Or at least, that’s what our study at Aarhus University found. Something had been bothering me for a while about gamification – both as a game scientist and as a psychologist trained in evidence based practice. All this talk of gamification involves a lot of hype and claims about game elements like badges, levels and achievements, but pundits never bother to dissociate the effects of each such mechanic. Would it make a difference if we removed, say, the leaderboards? What if we took all the game rules out? What if visually and verbally presenting something as a game is just as important as the game mechanics? Continue reading
CHI PLAY, now in its second year in London, is an international and interdisciplinary conference by the ACM Special Interest Group Computer-Human Interaction for researchers and professionals across all areas of play, games and human-computer interaction (HCI) working in “player-computer interaction”. Continue reading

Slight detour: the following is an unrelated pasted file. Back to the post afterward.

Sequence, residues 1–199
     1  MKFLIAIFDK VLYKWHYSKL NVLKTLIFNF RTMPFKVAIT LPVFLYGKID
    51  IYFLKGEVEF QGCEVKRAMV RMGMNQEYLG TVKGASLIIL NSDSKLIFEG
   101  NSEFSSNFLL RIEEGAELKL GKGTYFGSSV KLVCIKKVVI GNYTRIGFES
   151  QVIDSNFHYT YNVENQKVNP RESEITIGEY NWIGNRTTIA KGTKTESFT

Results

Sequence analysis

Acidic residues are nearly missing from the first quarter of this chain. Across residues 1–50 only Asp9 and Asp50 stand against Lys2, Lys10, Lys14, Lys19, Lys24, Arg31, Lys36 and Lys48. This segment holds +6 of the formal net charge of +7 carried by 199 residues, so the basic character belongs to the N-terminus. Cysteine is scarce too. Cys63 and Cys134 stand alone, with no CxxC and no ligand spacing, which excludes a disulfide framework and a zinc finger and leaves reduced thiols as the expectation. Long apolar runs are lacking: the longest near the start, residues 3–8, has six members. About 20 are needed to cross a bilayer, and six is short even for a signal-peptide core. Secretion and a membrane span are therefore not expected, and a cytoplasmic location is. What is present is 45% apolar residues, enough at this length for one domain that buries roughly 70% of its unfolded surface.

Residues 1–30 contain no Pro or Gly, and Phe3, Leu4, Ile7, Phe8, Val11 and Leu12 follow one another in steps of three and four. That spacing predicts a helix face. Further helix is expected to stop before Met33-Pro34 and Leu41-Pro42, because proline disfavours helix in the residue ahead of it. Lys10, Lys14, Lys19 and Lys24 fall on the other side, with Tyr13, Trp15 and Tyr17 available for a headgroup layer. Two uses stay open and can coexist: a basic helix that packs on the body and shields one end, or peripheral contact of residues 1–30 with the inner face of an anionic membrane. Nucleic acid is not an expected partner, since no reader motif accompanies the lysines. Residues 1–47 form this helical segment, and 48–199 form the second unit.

After our successful workshops at CHI 2011 and CHI 2013, we’re happy to continue our bi-annual tradition and announce the CHI 2015 workshop “Gamifying Research“, taking place in Seoul, Korea on November 19, 2015. Submission deadline is January
2 5, 2015. Read on for the full Call for Participation, and find a linkable version here.
Flow – a state of optimal experience characterized being fully focused and engaged in an activity – has been regarded as one of the most important psychological outcomes of gamification and games. It is most commonly understood to comprise of nine dimensions: challenge-skill-balance, clear goals, control, (immediate) feedback, autotelic experience,loss of self-consciousness, time transformation, concentration, and merging action-awareness. Currently, there are few studies investigating flow particularly in the context of gamification (See Hamari, Koivisto & Sarsa, 2014) and therefore there is little knowledge as to which dimensions of flow would be especially emergent in the context of flow. To this end we conducted a two-fold study: 1) We investigated the salience of the different dimensions of flow in gamification and 2) the psychometric properties of the DFS-2 flow measurement instrument. Continue reading